With The Nutcracker and The Four Realms, Disney is continuing with its wave of live-action adaptations by finally moving away from re-sourcing its animated content to focus on a classic Christmas tale (although technically this one was a segment in Fantasia). Can they continue the trend of success seen in The Jungle Book and Beauty in the Beast or will this be another Cinderella?
Synopsis: All Clara wants is a key – a one-of-a-kind key that will unlock a box that holds a priceless gift. A golden thread, presented to her at godfather Drosselmeyer’s annual holiday party, leads her to the coveted key—which promptly disappears into a strange and mysterious parallel world. It’s there that Clara encounters a soldier named Phillip, a gang of mice and the regents who preside over three Realms: Land of Snowflakes, Land of Flowers and Land of Sweets. Clara and Phillip must brave the ominous Fourth Realm, home to the tyrant Mother Ginger, to retrieve Clara’s key and hopefully return harmony to the unstable world. (Walt Disney Pictures)
Starring: Mackenzie Foy, Keira Knightley and Helen Mirren
Writer: Ashleigh Powell
Directors: Joe Johnston and Lasse Hallstrom
Rating: G (Canada)/PG (United States)
Running Time: 99mins
The Nutcracker and the Four Realms follows the story of Clara (Foy), a young, inquisitive girl, who finds her life at a bit of a crossroads. With her mother’s passing, Clara is bequeathed a golden egg that requires a one-of-a-kind key to open. At a Christmas party hosted by her godfather Drosselmeyer (Morgan Freeman), Clara follows a golden thread towards the key that transports her into a strange, magical world. Here she discovers a world divided into four realms: The Land of Snowflakes, The Land of Sweets, The Land of Flowers and the mysterious Fourth Realm. With the help of the Captain of the Nutcrackers (Jayden Fowora-Knight) and Sugar Plum (Knightley), Clara hopes to defeat the tyrannical Mother Ginger (Mirren) and save this world while retrieving the key to unlock her mother’s gift.
Right from the start, you can tell how this film is going to go. In a sweeping long shot of Old London, people are seen enjoying various holiday festivities. However, these people look almost cartoon-like, as if the film is going to look like Polar Express or The Adventures of Tintin until the focus shifts onto Clara and her family who look like normal live-action people. This is just the tip of the mountain of problems that this film seems to find itself falling into. Disney seems to have distanced themselves from the issues that plagued their previous live-action stories before.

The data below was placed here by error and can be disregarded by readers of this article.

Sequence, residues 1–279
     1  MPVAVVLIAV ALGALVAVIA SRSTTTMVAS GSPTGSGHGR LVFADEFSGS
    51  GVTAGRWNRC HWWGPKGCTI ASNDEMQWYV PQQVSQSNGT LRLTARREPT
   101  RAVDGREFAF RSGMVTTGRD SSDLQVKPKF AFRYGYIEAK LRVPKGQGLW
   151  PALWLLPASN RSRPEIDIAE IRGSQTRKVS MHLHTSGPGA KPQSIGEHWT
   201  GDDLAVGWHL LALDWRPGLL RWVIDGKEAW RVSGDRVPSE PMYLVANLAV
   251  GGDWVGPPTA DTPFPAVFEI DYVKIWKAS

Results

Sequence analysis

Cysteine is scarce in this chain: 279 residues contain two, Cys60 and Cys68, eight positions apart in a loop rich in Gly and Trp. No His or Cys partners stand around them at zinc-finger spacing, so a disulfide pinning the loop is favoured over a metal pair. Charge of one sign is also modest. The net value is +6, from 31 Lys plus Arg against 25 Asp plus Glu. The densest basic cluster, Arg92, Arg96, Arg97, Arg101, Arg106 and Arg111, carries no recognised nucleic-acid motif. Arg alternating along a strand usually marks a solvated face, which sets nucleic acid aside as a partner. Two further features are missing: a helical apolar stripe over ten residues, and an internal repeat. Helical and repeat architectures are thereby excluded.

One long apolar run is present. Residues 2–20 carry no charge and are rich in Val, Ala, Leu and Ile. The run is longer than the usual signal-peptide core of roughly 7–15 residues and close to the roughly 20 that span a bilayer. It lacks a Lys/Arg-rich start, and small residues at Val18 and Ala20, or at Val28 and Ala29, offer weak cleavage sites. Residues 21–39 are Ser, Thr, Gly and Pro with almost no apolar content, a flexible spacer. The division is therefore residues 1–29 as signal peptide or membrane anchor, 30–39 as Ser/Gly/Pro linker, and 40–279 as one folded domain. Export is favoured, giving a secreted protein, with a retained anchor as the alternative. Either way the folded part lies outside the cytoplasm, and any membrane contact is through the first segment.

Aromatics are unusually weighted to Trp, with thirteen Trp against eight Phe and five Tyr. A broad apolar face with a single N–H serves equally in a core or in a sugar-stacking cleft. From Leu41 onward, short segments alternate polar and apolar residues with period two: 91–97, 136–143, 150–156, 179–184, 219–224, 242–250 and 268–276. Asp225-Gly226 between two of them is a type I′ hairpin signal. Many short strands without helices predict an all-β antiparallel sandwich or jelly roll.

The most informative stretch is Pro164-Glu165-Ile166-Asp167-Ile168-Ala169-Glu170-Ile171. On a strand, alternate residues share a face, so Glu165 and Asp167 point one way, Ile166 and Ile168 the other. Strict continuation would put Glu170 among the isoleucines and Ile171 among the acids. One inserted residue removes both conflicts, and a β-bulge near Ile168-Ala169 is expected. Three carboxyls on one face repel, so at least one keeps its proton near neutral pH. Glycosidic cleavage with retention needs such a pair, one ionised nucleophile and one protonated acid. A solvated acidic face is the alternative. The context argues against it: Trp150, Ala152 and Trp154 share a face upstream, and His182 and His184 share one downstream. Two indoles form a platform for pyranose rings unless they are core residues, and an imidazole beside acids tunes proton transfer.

Instead, Disney fails to avoid so many exhausted tropes that hinder this classic tale. From the overused child trying to find meaning after a parent’s death to the traveling to a mystical land to become its saviour, The Nutcracker pushes away from its most important aspects to adhere to trendy themes from the last decade. Considering the story is adapted from one titled “The Nutcracker and the Mouse King,” it is disappointing to see neither of these characters with a prominent role or stake in this tale. In fact, they are reduced to minor characters with boring and forgettable arcs. And of course there is the blatant destruction of Drosselmeyer’s storyline to make for an uninspired and pointless Morgan Freeman cameo.
There are a few promising characters in this film, although that list stops at three. Foy does a decent job trying to command this film in her first leading role, although at some points she feels lifeless and void of personality making it hard to connect with her. Mirren is her typical sassy self in a very limited role, but this film is Knightley’s. The character of Sugar Plum is so far out of her norm and Knightley is able to bring such complexity and charm to this flawed fairy.
Beyond the characters, the script also has its fair share of dialogue issues and continues to veer away from the aspects of the original that make it unique. The film manages to adapt the melodic themes of Tchaikovsky’s classic through its score, but aside from one dance scene, the film lacks in fulfilling the ballet quota needed for this iconic story. The CGI can be rather hard to look at, especially the toy soldiers who are so inorganic and out of place within their scenes. Despite this, it is somehow able to deliver on being a visual delight through its intricate costumes, bright colours and beautiful world that make up most of the memorable parts of this very loose adaptation.
The Nutcracker and the Four Realms is a magical family adventure that takes the name of a famous ballet then throws out everything else to do with it. While the world is a marvel to look at and some of the actors deliver, the characters are mostly forgettable, the script is a mess and some of the CGI borders on passable making a trip to this realm one that can be easily delayed. It is a step back for Disney as this feels like Cinderella mixed with Chronicles of Narnia and Alice in Wonderland.
*The Nutcracker and The Four Realms opens in theatres on November 2nd*
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